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In iPad Tips and Tricks, author Christopher Breen provides expert tips for getting the most out of the Apple iPad (first generation) and iPad 2, including gesturing, typing, and adding content, as well as troubleshooting common device issues. The course explains how to download and manage apps, configure email accounts, create presentations, and set up videoconferences. The course also demonstrates both built-in and third-party solutions for opening and editing files, streaming video and audio wirelessly, and troubleshooting common device issues.
There are many ways to enjoy media on your iPad. You can watch or listen to the content you've placed on the iPad via iTunes, and using Home Sharing, you can also stream the contents of your iTunes library to the device. Now let's add one more: media that streams over the Internet. The first one we are going to look at is Pandora. Pandora is a free service that streams music to you based on artist selections you make.
For example, I can choose the search for artist field. I will type in The Jellybricks, because they just rock. There. Now I've got a Jellybricks station. (music playing) (Singer:Longing to know you, to feel the things you feel. If I--) So what happens if Pandora starts with a track by the band and then it plays related music? I can rate songs with a thumbs up or down rating, which helps Pandora learn what I like.
Your can also skip songs, though you're limited to 6 skips per hour and 12 skips per day if you have a free account. Although you can't pick exactly the music you want, Pandora is remarkably smart about playing music that you will like. It's a great way to discover new music. To stream exactly the music you want, you'll need to look at a subscription service, one that you pay a monthly fee for. I've used a variety of these services, including Rhapsody, Napster, Mog, and Rdio. These cost between $10 and $12 a month, with support for IOS devices like the iPad.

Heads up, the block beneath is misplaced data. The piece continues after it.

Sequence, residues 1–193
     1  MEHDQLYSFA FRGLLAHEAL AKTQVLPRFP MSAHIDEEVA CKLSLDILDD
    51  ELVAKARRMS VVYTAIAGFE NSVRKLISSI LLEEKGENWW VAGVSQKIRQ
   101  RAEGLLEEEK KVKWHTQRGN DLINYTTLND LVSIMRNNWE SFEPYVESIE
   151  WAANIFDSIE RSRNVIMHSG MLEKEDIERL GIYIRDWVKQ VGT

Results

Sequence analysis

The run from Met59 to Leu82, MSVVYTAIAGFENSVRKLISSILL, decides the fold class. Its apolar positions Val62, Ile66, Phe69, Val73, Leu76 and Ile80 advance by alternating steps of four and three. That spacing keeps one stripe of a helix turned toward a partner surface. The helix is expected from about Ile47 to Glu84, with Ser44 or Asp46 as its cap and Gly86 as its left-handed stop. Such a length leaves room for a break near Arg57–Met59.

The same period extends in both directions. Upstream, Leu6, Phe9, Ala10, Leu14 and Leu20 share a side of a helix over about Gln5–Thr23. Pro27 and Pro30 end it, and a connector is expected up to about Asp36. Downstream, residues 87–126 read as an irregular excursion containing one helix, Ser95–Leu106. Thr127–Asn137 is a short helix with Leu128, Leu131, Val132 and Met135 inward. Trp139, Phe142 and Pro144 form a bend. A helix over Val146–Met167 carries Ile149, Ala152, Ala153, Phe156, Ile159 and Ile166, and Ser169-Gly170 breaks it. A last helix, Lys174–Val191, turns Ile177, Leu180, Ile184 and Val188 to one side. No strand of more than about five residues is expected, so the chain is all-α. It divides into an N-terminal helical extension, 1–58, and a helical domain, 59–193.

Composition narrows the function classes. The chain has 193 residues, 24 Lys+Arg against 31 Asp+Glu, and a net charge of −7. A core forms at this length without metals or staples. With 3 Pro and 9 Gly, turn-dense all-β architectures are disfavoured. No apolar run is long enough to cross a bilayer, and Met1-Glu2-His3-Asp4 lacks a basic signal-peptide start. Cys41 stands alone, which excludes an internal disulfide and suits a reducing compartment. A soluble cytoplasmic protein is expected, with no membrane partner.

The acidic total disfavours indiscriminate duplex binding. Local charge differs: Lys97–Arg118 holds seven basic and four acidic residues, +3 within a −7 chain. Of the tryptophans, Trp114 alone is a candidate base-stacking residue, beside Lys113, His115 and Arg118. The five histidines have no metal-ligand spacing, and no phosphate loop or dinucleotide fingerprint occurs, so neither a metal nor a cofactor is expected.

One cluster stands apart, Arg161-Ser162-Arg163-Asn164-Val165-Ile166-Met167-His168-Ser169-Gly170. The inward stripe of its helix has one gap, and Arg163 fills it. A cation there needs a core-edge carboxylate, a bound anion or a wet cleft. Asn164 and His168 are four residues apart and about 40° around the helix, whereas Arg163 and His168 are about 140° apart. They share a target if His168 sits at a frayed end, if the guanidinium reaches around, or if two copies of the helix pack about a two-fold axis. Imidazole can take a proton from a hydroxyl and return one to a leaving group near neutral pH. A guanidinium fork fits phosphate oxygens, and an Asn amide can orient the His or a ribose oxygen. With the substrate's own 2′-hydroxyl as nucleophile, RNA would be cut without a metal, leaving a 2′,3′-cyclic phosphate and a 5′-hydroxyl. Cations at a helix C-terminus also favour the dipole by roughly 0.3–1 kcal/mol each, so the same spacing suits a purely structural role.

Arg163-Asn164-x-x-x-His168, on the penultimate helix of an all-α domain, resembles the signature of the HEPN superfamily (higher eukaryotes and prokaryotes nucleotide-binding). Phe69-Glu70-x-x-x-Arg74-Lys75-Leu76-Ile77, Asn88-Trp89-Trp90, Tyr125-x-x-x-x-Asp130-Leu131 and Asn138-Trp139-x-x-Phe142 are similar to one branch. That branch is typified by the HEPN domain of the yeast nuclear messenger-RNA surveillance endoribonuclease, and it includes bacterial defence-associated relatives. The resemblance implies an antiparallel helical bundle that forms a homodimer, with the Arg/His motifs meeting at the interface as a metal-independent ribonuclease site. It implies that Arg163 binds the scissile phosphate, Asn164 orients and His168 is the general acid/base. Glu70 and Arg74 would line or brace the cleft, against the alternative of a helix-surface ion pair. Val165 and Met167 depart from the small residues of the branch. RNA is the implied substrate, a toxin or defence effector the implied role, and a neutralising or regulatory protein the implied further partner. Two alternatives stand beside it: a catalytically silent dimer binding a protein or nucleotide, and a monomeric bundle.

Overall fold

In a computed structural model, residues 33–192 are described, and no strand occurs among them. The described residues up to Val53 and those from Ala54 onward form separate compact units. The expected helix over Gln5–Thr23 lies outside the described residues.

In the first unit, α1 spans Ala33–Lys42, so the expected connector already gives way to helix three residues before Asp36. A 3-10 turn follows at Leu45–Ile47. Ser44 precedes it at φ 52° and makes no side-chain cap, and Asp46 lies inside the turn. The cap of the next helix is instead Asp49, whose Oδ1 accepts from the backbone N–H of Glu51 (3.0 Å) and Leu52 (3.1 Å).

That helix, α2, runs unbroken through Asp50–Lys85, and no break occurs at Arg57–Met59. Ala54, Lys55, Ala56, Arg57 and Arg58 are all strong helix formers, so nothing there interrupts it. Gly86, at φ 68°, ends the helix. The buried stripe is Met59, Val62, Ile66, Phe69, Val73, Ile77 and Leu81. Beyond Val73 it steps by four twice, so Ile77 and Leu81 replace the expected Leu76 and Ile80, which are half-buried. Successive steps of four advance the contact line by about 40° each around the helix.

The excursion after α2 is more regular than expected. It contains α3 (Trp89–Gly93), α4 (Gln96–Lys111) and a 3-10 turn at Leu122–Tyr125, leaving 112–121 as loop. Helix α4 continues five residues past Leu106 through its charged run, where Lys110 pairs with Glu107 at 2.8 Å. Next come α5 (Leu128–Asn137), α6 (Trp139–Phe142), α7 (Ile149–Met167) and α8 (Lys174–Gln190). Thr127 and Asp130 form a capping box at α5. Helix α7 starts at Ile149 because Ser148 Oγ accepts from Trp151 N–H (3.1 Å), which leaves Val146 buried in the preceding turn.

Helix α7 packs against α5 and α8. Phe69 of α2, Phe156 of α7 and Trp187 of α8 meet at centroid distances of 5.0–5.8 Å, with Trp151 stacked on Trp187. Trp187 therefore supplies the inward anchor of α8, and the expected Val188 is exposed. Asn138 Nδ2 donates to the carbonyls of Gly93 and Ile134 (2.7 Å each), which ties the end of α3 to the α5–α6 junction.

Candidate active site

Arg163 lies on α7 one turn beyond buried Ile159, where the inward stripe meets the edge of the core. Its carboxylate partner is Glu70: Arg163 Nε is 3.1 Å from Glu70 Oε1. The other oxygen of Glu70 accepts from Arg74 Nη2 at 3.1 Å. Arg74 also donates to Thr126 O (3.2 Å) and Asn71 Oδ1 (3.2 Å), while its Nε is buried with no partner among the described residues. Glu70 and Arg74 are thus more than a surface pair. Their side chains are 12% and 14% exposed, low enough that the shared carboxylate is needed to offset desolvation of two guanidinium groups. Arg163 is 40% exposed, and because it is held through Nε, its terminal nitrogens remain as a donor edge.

I want to look at Rhapsody, because it has a great selection, and the interface is easy to navigate. Now as you can see, the Rhapsody window comes up in that little tiny window that indicates this is an iPhone app. None of the subscription services that you pay for for music includes an iPad-native app; instead, they're all iPhone apps. So all you do is press the XX button, and now you can get to a much larger screen. So again, this is kind of like Pandora.
The difference is that you get to choose exactly the music you want. So I will tap Search and I'll enter Jellybricks again, because they still rock. Here, there are, the Jellybricks Power Pop. So I will look in all albums, and here are all the albums available on Rhapsody. I will then choose Goodnight to Everyone. It gives me a little tip. And if like, I can choose to play a song.
I will just tap one right now. (music playing) Let's look at a couple of other options here. You notice that there's a Download button here. Tap that Download button. You have the opportunity to download the tracks on the album. These don't download at a high resolution. These are low-resolution MP3 tracks, but they're plenty good for headphones that you would use with the iPad.